HARRY Potter author JK Rowling won a landmark privacy ruling yesterday in her battle to ban further publication of a long-lens photograph taken of her son when he was 18 months old.Rowling's lawyers said the ruling was likely to have a "profound effect" on certain sections of the paparazzi.
The author claimed her son David's right to privacy had been infringed after photographs of him were taken in an Edinburgh street while being pushed in a buggy by his parents.
The action was intended to protect David's rights to privacy and family life under article 8 of the European Convention on Human Rights.
The initial claim by Rowling and her husband was thrown out by a London court last year, prompting the couple to appeal. But yesterday, in a key finding, the Master of the Rolls, Sir Anthony Clarke, said: "If a child of parents who are not in the public eye could reasonably expect not to have photographs of him published in the media, so too should the child of a famous parent."
The disputed photos, taken on 8 November, 2004, were published in a Sunday Express magazine, prompting Rowling, 42, and her husband to sue Express Newspapers and the Big Pictures photo agency, and seek to block further publication.
The Express settled the claim, but last August Nicholas Patten, a High Court judge, threw out the case against the agency.
In a statement, the parents said: "We embarked on this lawsuit not because we were seeking special privileges for our children but because we wanted them to grow up, like their friends, free from unwarranted intrusion into their privacy.
"We understand and accept that with the success of Harry Potter there will be a measure of legitimate media and public interest in Jo's professional activities and appearances.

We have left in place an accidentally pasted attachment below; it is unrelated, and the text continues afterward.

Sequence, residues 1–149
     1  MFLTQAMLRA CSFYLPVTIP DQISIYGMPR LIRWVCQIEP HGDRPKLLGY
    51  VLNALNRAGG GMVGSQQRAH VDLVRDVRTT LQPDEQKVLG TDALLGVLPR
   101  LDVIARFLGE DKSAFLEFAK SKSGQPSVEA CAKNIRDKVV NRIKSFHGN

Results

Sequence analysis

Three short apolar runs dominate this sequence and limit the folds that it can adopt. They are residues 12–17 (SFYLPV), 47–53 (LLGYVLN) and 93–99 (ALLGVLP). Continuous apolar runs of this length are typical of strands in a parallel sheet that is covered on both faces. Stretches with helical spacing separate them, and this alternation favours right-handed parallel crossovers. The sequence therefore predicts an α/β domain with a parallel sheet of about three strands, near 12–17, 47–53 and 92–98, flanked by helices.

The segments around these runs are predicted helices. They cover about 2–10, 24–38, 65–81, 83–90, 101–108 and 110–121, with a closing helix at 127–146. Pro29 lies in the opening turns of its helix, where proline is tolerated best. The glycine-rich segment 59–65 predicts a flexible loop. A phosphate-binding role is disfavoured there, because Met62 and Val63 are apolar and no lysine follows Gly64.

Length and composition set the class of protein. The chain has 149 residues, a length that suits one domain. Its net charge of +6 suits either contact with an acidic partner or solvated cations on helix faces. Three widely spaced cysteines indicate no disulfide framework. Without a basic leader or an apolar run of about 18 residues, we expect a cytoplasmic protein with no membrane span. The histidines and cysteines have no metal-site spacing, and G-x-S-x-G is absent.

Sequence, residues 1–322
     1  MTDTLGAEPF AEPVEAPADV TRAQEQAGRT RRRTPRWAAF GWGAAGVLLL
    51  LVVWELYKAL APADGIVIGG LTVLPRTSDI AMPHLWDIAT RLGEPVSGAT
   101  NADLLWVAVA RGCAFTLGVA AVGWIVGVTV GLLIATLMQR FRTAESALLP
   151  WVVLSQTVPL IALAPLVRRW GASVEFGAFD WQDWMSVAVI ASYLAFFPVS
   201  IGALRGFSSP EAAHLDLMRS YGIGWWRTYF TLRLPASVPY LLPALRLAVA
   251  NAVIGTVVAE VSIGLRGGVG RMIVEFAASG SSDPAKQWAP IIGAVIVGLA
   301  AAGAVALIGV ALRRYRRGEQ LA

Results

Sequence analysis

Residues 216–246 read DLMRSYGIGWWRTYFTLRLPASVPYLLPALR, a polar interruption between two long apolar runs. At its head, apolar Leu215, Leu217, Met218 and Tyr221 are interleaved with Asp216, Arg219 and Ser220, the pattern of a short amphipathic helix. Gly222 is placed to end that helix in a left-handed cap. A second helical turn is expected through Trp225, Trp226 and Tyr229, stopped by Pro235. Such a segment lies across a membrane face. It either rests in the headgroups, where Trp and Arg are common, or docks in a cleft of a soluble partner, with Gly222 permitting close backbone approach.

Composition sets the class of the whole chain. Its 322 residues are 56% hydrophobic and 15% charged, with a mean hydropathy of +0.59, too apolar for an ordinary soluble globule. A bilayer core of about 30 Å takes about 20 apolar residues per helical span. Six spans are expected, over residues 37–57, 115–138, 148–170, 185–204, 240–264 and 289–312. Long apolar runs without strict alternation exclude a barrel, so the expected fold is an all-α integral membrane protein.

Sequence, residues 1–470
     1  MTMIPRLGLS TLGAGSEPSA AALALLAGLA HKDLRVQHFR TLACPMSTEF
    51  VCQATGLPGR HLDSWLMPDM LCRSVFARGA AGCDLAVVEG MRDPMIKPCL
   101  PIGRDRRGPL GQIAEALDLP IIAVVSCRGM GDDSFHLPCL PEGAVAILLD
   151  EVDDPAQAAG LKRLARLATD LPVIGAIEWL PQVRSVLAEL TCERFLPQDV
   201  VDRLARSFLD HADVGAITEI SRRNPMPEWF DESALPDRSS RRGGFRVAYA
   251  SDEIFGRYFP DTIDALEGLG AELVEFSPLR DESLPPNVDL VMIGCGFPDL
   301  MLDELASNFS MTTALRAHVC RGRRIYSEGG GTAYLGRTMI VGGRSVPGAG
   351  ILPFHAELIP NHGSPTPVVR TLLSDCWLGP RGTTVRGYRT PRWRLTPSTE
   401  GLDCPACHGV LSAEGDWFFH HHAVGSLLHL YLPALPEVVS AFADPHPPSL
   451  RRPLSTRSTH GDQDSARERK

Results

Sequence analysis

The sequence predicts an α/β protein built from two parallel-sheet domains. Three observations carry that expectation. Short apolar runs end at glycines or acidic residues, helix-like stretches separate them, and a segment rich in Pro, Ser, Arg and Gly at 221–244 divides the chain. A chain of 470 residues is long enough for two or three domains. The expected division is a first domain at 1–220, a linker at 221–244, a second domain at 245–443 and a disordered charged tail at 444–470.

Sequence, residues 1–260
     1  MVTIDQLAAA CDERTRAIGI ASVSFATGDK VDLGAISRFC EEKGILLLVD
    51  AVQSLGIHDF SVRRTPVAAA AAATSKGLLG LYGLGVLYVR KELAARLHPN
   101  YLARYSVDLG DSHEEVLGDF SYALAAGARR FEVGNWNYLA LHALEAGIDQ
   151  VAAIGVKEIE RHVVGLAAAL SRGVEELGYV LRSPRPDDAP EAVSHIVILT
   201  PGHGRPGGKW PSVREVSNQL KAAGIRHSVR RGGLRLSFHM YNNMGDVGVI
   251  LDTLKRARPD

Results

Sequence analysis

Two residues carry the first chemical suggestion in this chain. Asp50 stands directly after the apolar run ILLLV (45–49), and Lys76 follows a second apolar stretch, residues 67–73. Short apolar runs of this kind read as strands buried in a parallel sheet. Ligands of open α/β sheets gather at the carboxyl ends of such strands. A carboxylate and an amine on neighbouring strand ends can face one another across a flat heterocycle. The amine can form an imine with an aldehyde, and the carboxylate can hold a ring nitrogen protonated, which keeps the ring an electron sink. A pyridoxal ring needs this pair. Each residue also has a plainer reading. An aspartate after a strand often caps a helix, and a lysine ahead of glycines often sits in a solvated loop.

"However, we have striven to give our children a normal family life outside the media spotlight."
They said the ruling would give their children protection from "covert, unauthorised photography" and make an "immediate and material difference to their lives".
Keith Schilling of Schillings law firm, representing Rowling's family, predicted the latest ruling could have a "profound effect ... on certain sections of the paparazzi. He said: "This case establishes a law of privacy for children in those cases where, understandably, the parents wish to protect their children from intrusive photography by the paparazzi. I am sure that the overwhelming majority of the media will welcome it."
Big Pictures will have to pay the bulk of the costs of the case, estimated at £600,000.
Last night, a spokesman for Schillings confirmed an appeal by Big Pictures, which had advance notice of the ruling, had been rejected. It can now appeal to the Lords.
Philip Schlesinger, professor of cultural policy at the University of Glasgow, said: "The bottom line is that children should not get clobbered because their parents are celebrities.
"However, despite establishing a principle, there will be a lot of grey areas ahead, especially when the children become teenagers and are doing the sort of things which would make good photographs."
In 2001, the Press Complaints Commission (PCC) upheld an invasion of privacy complaint by Rowling after photographs of her daughter Jessica, then aged eight and on holiday in Mauritius, appeared in OK! magazine.
WHAT ARE THE CONSEQUENCES? – A LAWYER WRITES
MEDIA lawyers said yesterday's ruling by the Court of Appeal was a major case establishing children's right to privacy.
This ruling is putting into law what is already in the Press Complaints Commission Code of Practice, voluntarily, in relation to children.
Newspapers are aware of paragraph 6 (v) which states: "Editors must not use the fame, notoriety or position of a parent or guardian as sole justification for publishing details of a child's private life."
We are now prohibited from taking pictures of children without consent – all the court has done is impose a rule of law on this.
One of the things the court looked at was the circumstances of this case. I believe the agency had sat outside Rowling's house for two days because they knew there was a professional market for that image.
The paparazzi would have known in advance that JK Rowling did not want this picture taken and they could easily have pixelated it.
But it's arguable whether someone taking a snap in the street on their mobile phone will fall foul of the law and it will depend on the circumstances of each case.
What this case says, quite simply, is that there is a right to privacy. The judge at first instance thought the parents were trying to protect themselves when it actually concerned their children.
However, if you are a celebrity such as Jordan and you brandish your child, it will be very difficult to contend that child has a reasonable expectation of privacy.
But those celebrities who don't pose for pictures will have the right to complain.